Article

InVERT molding for scalable control of tissue microarchitecture.

Harvard-MIT Health Sciences and Technology, Institute for Medical Engineering and Science, Massachusetts Institute of Technology, Cambridge, Massachusetts 02139, USA.
Nature Communications (Impact Factor: 10.74). 05/2013; 4:1847. DOI: 10.1038/ncomms2853
Source: PubMed

ABSTRACT Complex tissues contain multiple cell types that are hierarchically organized within morphologically and functionally distinct compartments. Construction of engineered tissues with optimized tissue architecture has been limited by tissue fabrication techniques, which do not enable versatile microscale organization of multiple cell types in tissues of size adequate for physiological studies and tissue therapies. Here we present an 'Intaglio-Void/Embed-Relief Topographic molding' method for microscale organization of many cell types, including induced pluripotent stem cell-derived progeny, within a variety of synthetic and natural extracellular matrices and across tissues of sizes appropriate for in vitro, pre-clinical, and clinical studies. We demonstrate that compartmental placement of non-parenchymal cells relative to primary or induced pluripotent stem cell-derived hepatocytes, compartment microstructure, and cellular composition modulate hepatic functions. Configurations found to sustain physiological function in vitro also result in survival and function in mice for at least 4 weeks, demonstrating the importance of architectural optimization before implantation.

1 Follower
 · 
108 Views
  • Source
    [Show abstract] [Hide abstract]
    ABSTRACT: Sufficient vascularization is critical to sustaining viable tissue-engineered (TE) constructs after implantation. Despite significant progress, current approaches lack suturability, porosity, and biodegradability, which hinders rapid perfusion and remodeling in vivo. Consequently, TE vascular networks capable of direct anastomosis to host vasculature and immediate perfusion upon implantation still remain elusive. Here, a hybrid fabrication method is presented for micropatterning fibrous scaffolds that are suturable, porous, and biodegradable. Fused deposition modeling offers an inexpensive and automated approach to creating sacrificial templates with vascular-like branching. By electrospinning around these poly(vinyl alcohol) templates and dissolving them in water, microvascular patterns were transferred to fibrous scaffolds. Results indicated that these scaffolds have sufficient suture retention strength to permit direct anastomosis in future studies. Vascularization of these scaffolds is demonstrated by in vitro endothelialization and perfusion.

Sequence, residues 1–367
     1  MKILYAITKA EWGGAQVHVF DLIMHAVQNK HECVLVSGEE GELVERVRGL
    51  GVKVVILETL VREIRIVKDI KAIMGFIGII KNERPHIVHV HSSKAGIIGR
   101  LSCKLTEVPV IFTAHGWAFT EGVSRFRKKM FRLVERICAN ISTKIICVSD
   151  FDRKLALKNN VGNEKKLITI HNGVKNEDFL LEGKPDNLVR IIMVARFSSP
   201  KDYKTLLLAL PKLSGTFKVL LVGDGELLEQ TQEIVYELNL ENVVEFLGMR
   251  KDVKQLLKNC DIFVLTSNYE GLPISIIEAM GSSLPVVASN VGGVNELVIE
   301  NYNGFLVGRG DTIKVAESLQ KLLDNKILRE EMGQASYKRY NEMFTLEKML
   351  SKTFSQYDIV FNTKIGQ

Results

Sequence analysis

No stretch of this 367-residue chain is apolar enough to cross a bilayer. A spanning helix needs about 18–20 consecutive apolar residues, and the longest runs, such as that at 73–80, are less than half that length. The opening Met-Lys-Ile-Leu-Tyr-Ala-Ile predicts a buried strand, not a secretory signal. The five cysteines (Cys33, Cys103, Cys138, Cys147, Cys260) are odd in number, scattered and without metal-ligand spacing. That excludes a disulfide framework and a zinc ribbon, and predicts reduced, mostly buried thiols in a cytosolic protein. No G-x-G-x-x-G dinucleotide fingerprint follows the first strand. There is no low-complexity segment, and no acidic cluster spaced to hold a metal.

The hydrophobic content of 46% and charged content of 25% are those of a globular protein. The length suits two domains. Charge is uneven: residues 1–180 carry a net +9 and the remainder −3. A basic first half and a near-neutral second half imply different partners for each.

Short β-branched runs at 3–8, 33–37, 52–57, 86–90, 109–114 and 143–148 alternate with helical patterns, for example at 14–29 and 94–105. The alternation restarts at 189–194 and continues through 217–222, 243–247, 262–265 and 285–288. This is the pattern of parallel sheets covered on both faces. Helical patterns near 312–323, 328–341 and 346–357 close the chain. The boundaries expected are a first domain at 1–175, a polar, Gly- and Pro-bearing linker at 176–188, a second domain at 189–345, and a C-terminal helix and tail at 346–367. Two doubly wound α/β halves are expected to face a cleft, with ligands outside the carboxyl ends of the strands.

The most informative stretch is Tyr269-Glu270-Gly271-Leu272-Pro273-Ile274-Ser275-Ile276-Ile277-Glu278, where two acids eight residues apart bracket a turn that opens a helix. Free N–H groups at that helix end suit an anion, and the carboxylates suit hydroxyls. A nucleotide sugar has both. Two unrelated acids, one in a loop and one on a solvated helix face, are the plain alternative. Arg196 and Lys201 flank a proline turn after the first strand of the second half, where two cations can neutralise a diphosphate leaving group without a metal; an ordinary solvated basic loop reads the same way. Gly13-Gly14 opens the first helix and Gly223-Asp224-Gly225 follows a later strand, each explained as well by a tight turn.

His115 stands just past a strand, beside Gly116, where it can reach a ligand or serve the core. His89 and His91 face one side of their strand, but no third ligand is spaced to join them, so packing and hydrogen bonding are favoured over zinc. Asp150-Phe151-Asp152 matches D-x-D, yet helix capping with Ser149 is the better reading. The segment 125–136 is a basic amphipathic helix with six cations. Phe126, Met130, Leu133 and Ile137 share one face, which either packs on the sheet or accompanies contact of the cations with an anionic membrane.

Macromolecular Bioscience 11/2014; 14(11). DOI:10.1002/mabi.201400306 · 3.65 Impact Factor
  • Source
    [Show abstract] [Hide abstract]
    ABSTRACT: Despite the tremendous hurdles presented by the complexity of the liver's structure and function, advances in liver physiology, stem cell biology and reprogramming, and the engineering of tissues and devices are accelerating the development of cell-based therapies for treating liver disease and liver failure. This State of the Art Review discusses both the near- and long-term prospects for such cell-based therapies and the unique challenges for clinical translation.
    Science translational medicine 07/2014; 6(245):245sr2. DOI:10.1126/scitranslmed.3005975 · 14.41 Impact Factor
  • [Show abstract] [Hide abstract]
    ABSTRACT: A comprehensive elucidation of the unexpected adverse events that occur in skeletal myoblast transplantation is fundamental for the optimization of myocardial therapeutic effects. However, a well-defined method to study the interactions between skeletal myoblasts and cardiomyocytes during the healing process is out of reach. Here, we describe a microfluidic method for monitoring the interactions between skeletal myoblasts and hypoxia-injured cardiomyocytes in a spatiotemporally-controlled manner, mimicking the in vivo cell transplantation process. A myocardial hypoxia environment was created using an oxygen consumption blocking reagent, carbonyl cyanide 4-(trifluoromethoxy)phenylhydrazone. Meanwhile, the interactions between the skeletal L6 myoblasts and hypoxia-injured myocardium H9c2 cells were investigated, and the effects of a L6 conditional medium on H9c2 cells were comparatively analyzed by quantitatively measuring the morphological and pathophysiological dynamics of H9c2 cells. The results showed that skeletal myoblasts could repair hypoxia-injured H9c2 cells mainly through direct cell-to-cell interactions. This simple on-chip assay for investigating myocardial repair processes may provide avenues for the in vitro screening of drug-induced cardiotoxicity.
    The Analyst 07/2014; 139(18). DOI:10.1039/c4an00697f · 3.91 Impact Factor

Full-text (2 Sources)

Download
26 Downloads
Available from
Jul 2, 2014